Unearthing the open secret of investment-linked policies

INVESTMENT-LINKED policies which make up more than 50% of life insurance policies sold in 2020 are Malaysia’s most popular life insurance policies.

They are perceived to offer the best of both worlds: insurance (coverage against premature death, critical illness or hospitalisation) and investment.

But there is an open secret to investment-linked policies which might get you not the best – but the worst – of both worlds.

To surface this secret, we need to look first at how an investment-linked policy works.

When you buy an investment-linked policy, you commit to paying a certain premium every month for a number of years whereby after deducting commission, a portion is allocated to pay for your insurance and the balance invested in one of the insurance company’s sub-funds of your choosing.

The idea is for you to have insurance protection (whether life, critical illness or medical protection) as well as to shore up your own funds by investing in the insurance company’s sub-funds.

Over time, as your insurance premiums go higher as you age, the insurance company can also sell units of your chosen sub-fund to pay for the higher insurance premiums.

Hopefully, the investment in your chosen sub-fund does well enough so that it can cover your future insurance charges. If it doesn’t, you either have to top-up your monthly premium out of your own pocket or you will have to reduce your insurance coverage.

So far so good.

The catch

But here’s a question for you. If you were to buy into a unit trust, how much would you expect to pay in terms of a distribution fee to the unit trust agent? 3% of your investment amount? 2%? Or go online and pay potentially zero sales commission?

Well, for an investment-linked policy, your insurance company can deduct up to 40% of your first year premiums to cover their distribution costs which include paying commissions to your agent.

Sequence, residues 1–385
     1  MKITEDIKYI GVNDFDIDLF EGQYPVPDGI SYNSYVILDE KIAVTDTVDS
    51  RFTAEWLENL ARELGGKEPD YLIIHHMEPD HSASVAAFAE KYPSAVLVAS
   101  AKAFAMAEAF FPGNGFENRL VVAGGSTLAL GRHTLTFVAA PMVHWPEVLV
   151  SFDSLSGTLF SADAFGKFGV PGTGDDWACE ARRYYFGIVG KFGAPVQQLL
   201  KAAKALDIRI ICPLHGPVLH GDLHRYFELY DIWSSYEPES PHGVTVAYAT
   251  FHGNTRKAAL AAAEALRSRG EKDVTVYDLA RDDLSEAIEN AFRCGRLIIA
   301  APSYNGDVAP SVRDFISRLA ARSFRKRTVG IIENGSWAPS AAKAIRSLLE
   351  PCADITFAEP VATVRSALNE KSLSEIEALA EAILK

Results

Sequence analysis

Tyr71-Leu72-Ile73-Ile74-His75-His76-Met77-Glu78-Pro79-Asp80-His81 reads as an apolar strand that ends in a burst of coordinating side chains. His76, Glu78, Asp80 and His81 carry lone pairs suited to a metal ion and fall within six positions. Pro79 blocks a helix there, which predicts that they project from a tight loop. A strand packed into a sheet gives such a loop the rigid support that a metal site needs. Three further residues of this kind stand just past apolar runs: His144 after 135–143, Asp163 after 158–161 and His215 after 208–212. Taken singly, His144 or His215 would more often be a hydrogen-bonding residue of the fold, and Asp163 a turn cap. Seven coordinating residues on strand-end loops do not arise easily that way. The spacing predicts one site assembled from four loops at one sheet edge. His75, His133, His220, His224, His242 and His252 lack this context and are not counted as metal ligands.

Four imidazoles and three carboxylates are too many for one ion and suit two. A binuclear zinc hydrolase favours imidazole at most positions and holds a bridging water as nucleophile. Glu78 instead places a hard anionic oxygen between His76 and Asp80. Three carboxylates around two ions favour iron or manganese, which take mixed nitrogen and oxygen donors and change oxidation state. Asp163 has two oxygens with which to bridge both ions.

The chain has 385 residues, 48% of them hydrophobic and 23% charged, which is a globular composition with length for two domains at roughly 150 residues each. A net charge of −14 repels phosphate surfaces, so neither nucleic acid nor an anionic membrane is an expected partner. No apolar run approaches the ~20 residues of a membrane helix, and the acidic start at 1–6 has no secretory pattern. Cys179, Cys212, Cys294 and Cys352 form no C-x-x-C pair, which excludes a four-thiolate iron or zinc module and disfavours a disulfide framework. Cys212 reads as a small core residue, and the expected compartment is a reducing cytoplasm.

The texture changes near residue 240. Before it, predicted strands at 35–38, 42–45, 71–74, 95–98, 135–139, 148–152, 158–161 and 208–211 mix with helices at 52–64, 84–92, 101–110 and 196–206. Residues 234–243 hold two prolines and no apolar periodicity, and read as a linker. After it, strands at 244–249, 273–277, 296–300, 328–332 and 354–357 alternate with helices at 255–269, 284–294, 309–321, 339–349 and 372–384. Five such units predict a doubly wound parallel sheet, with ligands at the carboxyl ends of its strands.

That means that even before your premiums get invested in your sub-funds or pay for your insurance, up to 40% is deducted first to pay for such distribution costs.

In the second and third years – again – up to 40% of your premiums goes towards distribution costs.

For years four to six, up to 20% of your premiums goes towards distribution costs.  The quantum from years seven to 10 is up to 5%.

Over 10 years, up to 200% or two whole years’ worth of premiums could go towards distribution costs.

If you bought an investment-linked policy before, you shouldn’t be surprised by this revelation.

Your agent should have shown you a product illustration table and pointed out your “allocated premiums”. Their difference with the actual premiums you pay are the upfront deductions that you incur. In that sense, it’s an open secret.

But the fundamental issue is, if you wouldn’t pay those distribution fees to your unit trust company, why should you pay them for an investment-linked policy just because it’s bundled with insurance?

It’s very hard to build your investment funds when so much is taken out upfront for commission and distribution costs.

Perhaps it’s a good time to ask your licensed financial planner on how you can unbundle your protection and investment needs so you can truly get the best of both worlds. – Sept 19, 2021

 

Malek Ali is the founder of Fi Life Sdn Bhd and a CFP CERT professional (the Financial Planning Association of Malaysia [FPAM] is the exclusive licensee of the proogramme).

The views expressed are solely of the author and do not necessarily reflect those of Focus Malaysia.

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